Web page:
The beginners guide to light!

Discussion in 'Pseudoscience' started by amber, Jan 31, 2018.

  1. amber Registered Member

    Messages:
    323
    Hello all, I am not sure where to post this topic so if the moderators feel it is in the wrong section, please relocate to the appropriate section.


    Light, a generalised term we use for electromagnetic radiation. Light can be classed in two categories:

    1)Visible light

    This is light you can see with your eyes that has a wave-length between 400nm-700nm. More simply the colours you see.
    (Do not worry I will explain wave-lengths later)

    2)Detectable light

    This is light that can be detected by device that our eyes cannot see, such as the infra-red range of light that is beyond 700nm.

    In understanding light, I feel it is firstly important to understand what we call the inverse square law.

    You can read more here: https://en.wikipedia.org/wiki/Inverse-square_law


    What this means in simple terms , is that the further away an observer is from a light source, the weaker the light becomes, it becomes more stretched and a longer wave-length.
    In science terms we would state there is less intensity and magnitude of the light.

    In the link I provided you will notice a diagram on the right of the page that shows you in pictorial form how the inverse square law works.

    Earlier on I said I would explain wave-length and this I shall do now. At the narrow end of the diagram the light has a shorter wave-length, the light being much more compressed in less space. At the wider end of the diagram the light will have a longer wave-length being stretched out to cover more space.
    In colours, just remember purple is the shortest visible wave-length and red is the longest visible wave-length,
    the colours of the rainbow filling between.

    Any questions about this?
     
  2. Google AdSense Guest Advertisement



    to hide all adverts.
  3. Xelasnave.1947 Valued Senior Member

    Messages:
    4,900
    Is there any particular colour that humans generally prefer over another colour and is that preference related to wave length.
    No need to answer I know all about that aspect.

    Nice OP to start off.

    I like light it is an intetesting subject...do you cover optics...I like optics...cause I like astronomy...and I like stars and galaxies and nebula and double stars but not movie stars.

    Alex
     
  4. Google AdSense Guest Advertisement



    to hide all adverts.
  5. amber Registered Member

    Messages:
    323
    I try to cover most aspects of light, the incident rays of distant galaxies do interest me. You claim to know your science but I obviously do not know you, so I have a question for you to see what sort of intelligent answer you give.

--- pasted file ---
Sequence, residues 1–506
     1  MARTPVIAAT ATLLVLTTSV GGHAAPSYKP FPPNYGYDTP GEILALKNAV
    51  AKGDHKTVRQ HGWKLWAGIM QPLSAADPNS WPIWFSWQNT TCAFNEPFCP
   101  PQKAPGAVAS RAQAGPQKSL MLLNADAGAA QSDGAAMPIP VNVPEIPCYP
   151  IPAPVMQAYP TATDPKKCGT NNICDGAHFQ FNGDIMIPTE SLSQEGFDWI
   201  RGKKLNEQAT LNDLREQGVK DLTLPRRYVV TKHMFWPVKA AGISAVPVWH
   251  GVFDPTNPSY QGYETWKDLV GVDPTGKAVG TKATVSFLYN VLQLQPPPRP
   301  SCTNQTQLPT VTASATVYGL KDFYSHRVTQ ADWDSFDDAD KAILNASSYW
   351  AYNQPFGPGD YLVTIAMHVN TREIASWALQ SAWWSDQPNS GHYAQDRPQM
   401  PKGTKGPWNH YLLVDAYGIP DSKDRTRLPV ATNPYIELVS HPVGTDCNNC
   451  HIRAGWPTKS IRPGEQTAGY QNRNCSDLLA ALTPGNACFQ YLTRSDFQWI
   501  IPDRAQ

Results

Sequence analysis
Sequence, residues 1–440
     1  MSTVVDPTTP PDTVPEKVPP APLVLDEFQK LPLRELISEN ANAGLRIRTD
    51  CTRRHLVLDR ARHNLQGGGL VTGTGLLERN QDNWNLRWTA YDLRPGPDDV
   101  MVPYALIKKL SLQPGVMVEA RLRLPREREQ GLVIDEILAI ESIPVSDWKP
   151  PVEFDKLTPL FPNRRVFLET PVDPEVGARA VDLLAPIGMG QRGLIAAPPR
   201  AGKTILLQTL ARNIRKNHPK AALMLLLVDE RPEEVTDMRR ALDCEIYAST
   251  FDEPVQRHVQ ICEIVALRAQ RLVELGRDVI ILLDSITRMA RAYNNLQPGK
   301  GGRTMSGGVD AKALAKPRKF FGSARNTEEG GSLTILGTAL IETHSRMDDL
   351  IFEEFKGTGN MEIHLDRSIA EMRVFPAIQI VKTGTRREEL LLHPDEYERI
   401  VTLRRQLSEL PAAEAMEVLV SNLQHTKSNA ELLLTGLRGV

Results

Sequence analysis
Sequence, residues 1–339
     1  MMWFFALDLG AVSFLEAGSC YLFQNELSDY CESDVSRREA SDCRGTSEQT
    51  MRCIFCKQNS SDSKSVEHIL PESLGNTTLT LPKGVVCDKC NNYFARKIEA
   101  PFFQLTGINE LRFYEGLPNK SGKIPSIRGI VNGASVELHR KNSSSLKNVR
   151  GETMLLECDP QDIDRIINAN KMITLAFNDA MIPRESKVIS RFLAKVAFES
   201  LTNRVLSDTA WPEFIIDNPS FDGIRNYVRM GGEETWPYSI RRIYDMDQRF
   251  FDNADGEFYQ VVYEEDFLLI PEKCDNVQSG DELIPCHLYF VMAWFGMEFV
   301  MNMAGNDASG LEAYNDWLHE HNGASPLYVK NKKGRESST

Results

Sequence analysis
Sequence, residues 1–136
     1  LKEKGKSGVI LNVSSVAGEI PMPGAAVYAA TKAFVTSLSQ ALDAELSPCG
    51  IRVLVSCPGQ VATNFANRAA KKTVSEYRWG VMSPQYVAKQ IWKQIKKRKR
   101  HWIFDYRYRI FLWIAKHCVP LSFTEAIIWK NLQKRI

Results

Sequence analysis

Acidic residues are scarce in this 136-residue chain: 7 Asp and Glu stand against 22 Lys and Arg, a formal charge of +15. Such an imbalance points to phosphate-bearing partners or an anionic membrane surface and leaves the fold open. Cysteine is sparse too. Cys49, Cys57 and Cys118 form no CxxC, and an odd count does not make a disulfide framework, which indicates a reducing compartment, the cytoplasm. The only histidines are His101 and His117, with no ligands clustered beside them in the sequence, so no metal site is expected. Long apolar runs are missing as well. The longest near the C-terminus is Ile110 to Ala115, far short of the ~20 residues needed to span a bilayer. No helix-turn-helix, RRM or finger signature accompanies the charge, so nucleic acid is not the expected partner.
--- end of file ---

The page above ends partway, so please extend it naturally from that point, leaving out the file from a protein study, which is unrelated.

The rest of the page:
The Universe is expanding, do you consider this is an observation expansion or an expansion of space itself?
     
  6. Google AdSense Guest Advertisement



    to hide all adverts.
  7. Xelasnave.1947 Valued Senior Member

    Messages:
    4,900
    No I am a layman and maybe I exagerated about knowing everything.
    If this is a test I would answer that it is space that is expanding according to the current model and various physical observations have been provided in support.
    But I dont understand red shift have you heard about it...apparently by using the princliples of red shift we can determine an objects distance and the rate the Universe is expanding.

    However the great man himself saw the universe as static, he worked out his formulae with that pre condition in his thinking, he included a cosmological constant to hold the static universe from colapse but then Hubble says its expanding and he had a big telescope. But what if the great man was right.
    The universe wad is static and not expanding...then they use his equations to prove the universe must be expanding...he had to say he was wrong..his gteatest blunder...but was he right and its static and rather than his greatest mistake the cosmological constant was his best idea...how do we know Hubble was right..he was a lawyer should we trust his astronomy?
    Alex
     
  8. amber Registered Member

    Messages:
    323
    Have you ever read Hubble's law before you make an assumption?


    https://en.wikipedia.org/wiki/Hubble's_law



    Notice one thing of the above, it states the red-shift observed is of objects observed and not of the space observed. We do not observe space is red-shifting and neither do we observe space interfering with the light passing through it. We neither observe space to be object like.


    So what basis do you have to consider space is expanding?
     
  9. origin In a democracy you deserve the leaders you elect. Valued Senior Member

    Messages:
    10,450
    This is not what the inverse square law is stating. The inverse square law is simply a consequence of geometry. A point source that is emanating 'something' in all directions will follow the inverse square law. It could be a sound source or even a explosion throwing our shrapnel. The number of pieces per unit area would decrease with a inverse square relationship.

    The inverse square law has nothing to do with wavelength decrease. I think you are confusing Hubble's law with the inverse square law.
     
    Vociferous and Dywyddyr like this.
  10. amber Registered Member

    Messages:
    323
    The same as a longer wave-length. The number of photons per unit area would decrease
     
  11. origin In a democracy you deserve the leaders you elect. Valued Senior Member

    Messages:
    10,450
    No that is not correct.